Continuing our series of blog posts, we look at what’s been in the news relating to assaults at work and the law surrounding them.

The importance of worker protections

The horrific account of a worker’s treatment in Bangladesh shows how vitally important robust legal protection is against assaults at work.

The Guardian reported that the worker – who had been working for a clothes factory supplying a number of high profile UK companies, including Tesco, Sainsbury’s and Mothercare – was subjected to brutal violence and threats on the orders of factory management, allegedly with the involvement of the local police.

She had been a member of the factory’s anti-harassment committee, and was one of several workers who were forced to sign resignation letters by the factory management. However, she stated that she was held back after signing her letter, beaten up, robbed of the severance pay she had been given, and threatened with death if she protested.

The factory initially denied the allegations but, after pressure from the Fair Wear Foundation, sacked the HR manager involved and paid the woman compensation worth around £630.

Would this be a more familiar story in the UK without strong legal protection for workers?

Young workers’ vulnerability to assaults at work

Assaults at work like the extreme example above are not just perpetrated by bosses or colleagues. A report by the TUC suggests young workers are disproportionately at risk from assaults, or verbal and physical abuse, from third-parties.

The data collected indicates that 36% of 18 to 34 year olds had experienced some form of harassment, abuse or violence at work, and that the perpetrator was a third-party. The report put forward several reasons why younger workers may be at greater risk. These included consideration that younger workers are generally in a weaker position in the labour market, working in lower paid and less secure jobs, with a high proportion of these jobs involving extensive contact with customers and the public.

Findings in the report also indicated assaults or abuse were recurrent problems for those affected. 70% of the workers surveyed who experienced verbal abuse from third-parties had been subjected to it three or more times. And for physical assault or violence, 50% of the young workers who had experienced it had been subjected to it three or more times.

The report also paints a bleak picture of how young workers view any possible follow-up action from their employers. Less than half reported their most recent instance of violence or abuse from a third-party to their employer. Of the surveyed workers who did report the matter to their employers, 76% said that nothing changed afterwards, or that the situation got worse.

However, if you are a young worker who has been assaulted at work, it is important to report it to your manager in line with your workplace’s reporting procedures. Your employers are under a legal duty to do all that is reasonable to keep you safe whilst at work. Reporting the incident, whether they take action or not, is the first step to protecting your legal rights – it records that the incident took place and that your employers were made aware of it.

If you need to speak about any assaults you have suffered at work, please feel free to contact Truth Legal for friendly and helpful advice.

Moves to increase legal protection for shopworkers

Changes to the Offensive Weapon Bill are currently being debated in the House of Lords, with the proposal to create a new offence in relation to abusing, threatening or assaulting shop workers who refuse to sell restricted goods to customers.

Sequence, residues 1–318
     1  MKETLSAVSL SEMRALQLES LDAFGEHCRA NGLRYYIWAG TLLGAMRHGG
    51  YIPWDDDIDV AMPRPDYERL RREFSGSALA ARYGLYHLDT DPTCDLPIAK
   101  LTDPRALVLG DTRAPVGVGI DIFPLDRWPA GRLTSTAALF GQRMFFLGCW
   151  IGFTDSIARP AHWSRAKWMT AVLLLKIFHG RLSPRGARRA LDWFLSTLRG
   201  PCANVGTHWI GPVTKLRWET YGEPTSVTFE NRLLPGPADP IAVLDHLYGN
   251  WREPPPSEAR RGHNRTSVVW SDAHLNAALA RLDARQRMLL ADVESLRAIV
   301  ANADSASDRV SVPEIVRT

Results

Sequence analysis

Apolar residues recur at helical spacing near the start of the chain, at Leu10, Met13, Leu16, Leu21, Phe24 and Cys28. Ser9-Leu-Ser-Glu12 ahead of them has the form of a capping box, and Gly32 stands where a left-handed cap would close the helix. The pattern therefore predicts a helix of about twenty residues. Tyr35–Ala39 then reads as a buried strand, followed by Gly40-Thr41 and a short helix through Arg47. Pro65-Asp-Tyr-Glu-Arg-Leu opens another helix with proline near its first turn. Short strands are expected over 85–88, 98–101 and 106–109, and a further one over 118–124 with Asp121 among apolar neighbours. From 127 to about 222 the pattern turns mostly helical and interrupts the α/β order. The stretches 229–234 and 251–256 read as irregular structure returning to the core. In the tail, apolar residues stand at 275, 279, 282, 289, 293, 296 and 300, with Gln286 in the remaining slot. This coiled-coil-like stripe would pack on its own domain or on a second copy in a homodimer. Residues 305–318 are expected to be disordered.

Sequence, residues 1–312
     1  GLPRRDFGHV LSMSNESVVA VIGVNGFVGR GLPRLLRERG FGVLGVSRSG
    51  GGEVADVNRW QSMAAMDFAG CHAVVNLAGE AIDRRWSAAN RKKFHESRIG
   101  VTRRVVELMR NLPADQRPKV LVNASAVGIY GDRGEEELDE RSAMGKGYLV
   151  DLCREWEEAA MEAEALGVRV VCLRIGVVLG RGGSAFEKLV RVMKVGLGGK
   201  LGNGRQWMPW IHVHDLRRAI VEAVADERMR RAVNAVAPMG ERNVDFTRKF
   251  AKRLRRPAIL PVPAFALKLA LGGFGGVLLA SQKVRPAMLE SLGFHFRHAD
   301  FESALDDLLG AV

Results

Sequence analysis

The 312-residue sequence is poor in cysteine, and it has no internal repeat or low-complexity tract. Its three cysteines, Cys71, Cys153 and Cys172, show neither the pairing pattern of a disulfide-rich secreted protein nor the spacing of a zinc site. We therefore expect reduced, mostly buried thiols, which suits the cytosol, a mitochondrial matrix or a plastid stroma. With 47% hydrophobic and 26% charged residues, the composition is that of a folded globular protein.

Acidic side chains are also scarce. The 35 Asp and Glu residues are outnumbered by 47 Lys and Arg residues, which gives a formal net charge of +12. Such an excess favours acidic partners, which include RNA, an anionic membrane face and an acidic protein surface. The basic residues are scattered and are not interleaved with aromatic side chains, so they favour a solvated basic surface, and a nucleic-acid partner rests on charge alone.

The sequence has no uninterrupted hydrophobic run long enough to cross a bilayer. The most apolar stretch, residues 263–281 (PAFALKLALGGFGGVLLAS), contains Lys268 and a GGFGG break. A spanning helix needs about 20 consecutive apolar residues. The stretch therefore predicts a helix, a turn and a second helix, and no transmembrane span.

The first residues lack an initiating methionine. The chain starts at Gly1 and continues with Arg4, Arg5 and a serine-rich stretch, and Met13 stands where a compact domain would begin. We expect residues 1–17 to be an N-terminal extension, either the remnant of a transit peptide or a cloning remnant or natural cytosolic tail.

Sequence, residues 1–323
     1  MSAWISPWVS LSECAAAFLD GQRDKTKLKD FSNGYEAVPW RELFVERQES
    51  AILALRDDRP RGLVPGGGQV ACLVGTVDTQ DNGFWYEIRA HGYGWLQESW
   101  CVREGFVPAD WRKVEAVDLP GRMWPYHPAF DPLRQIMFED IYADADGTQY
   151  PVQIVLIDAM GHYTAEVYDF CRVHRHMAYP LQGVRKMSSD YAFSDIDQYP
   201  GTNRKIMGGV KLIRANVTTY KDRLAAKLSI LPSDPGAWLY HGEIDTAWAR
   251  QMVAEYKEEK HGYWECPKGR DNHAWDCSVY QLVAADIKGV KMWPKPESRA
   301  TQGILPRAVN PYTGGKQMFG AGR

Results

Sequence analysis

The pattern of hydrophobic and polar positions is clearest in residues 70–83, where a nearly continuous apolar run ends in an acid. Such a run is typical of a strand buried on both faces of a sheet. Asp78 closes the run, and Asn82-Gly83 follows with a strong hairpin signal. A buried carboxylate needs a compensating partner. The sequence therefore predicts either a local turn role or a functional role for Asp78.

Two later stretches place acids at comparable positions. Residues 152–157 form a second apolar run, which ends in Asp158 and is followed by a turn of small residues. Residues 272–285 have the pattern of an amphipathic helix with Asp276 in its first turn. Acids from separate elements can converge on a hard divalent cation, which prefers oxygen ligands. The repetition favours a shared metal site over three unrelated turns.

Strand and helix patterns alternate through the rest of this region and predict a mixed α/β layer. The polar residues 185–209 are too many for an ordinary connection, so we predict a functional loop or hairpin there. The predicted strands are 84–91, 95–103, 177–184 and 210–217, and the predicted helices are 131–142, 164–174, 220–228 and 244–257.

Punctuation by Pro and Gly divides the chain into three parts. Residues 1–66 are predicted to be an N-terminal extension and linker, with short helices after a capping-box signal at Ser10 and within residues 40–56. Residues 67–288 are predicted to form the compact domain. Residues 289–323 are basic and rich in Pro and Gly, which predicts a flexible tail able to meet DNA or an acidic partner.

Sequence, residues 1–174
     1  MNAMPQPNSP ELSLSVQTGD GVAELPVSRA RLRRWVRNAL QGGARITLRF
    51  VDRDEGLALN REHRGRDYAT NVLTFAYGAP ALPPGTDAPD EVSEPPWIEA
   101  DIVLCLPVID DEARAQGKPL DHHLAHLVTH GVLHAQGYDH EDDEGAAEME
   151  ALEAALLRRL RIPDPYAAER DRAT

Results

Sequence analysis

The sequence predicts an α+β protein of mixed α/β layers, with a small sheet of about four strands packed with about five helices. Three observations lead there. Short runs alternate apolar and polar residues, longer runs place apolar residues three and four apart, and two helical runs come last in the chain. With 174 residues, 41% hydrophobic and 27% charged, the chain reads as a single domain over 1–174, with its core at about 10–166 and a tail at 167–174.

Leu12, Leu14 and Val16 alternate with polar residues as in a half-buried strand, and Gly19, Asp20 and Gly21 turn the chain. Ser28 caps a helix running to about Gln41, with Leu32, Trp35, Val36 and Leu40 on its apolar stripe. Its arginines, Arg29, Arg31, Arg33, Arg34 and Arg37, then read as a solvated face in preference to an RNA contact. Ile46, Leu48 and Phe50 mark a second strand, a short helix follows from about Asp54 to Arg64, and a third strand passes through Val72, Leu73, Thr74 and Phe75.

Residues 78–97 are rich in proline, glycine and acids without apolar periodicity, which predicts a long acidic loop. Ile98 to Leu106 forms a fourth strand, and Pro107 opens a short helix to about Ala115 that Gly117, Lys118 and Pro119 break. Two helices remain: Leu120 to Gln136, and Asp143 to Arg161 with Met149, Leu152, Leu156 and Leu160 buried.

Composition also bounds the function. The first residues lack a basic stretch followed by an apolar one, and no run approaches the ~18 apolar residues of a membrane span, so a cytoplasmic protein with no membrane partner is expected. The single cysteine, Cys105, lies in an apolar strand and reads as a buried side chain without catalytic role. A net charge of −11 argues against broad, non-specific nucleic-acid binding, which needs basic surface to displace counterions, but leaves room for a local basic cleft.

The Bill adds a number of further restrictions on selling certain items, such as knives and corrosive chemicals. The union USDAW have been pushing for the new offence to be created to give added protection to retail workers who have to ‘enforce’ these new provisions on the front lines.

USDAW’s general secretary, Paddy Lillis stated:

 “We need a better balance in the law. The existing offence of common assault is not enough, because it is rarely used and difficult to prove in cases of verbal abuse and threats. A specific offence of obstructing a retail worker who is enforcing the law, which is easily understood by employers, staff, police, judiciary, shoppers and most of all violent criminals is absolutely necessary.”

Whilst the proposed changes add a criminal offence rather than a civil law cause of action, victims of criminal offences may make a Criminal Injuries Compensation Claim for physical and psychological harm they suffer as a result of a crime. Additionally, employers will continue to have their legal duty to keep their workers as safe as possible whilst in the workplace.

Rail workers facing increased challenges

Statistics from the British Transport police reveal the increasing dangers faced by rail workers, particularly over the festive period.

The Yorkshire Evening Post reported that, between 24th November 2018 and 2nd January 2019, there were 189 cases of violent offences fuelled by alcohol against other passengers and rail staff. This was more than twice the number of incidents during the same period two years before.

Mick Cash, the general secretary of the RMT union gave his opinion on the reasons behind the increased threats rail workers encountered at work:

“The move to create a faceless, de-staffed railway in the name of profit has created a toxic environment where our members too often end up as the punch bags as drunken thugs run rampage.”

If you have been affected by an assault at work, get in touch with Truth Legal for expert employment law and personal injury advice.

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Catherine Reynolds
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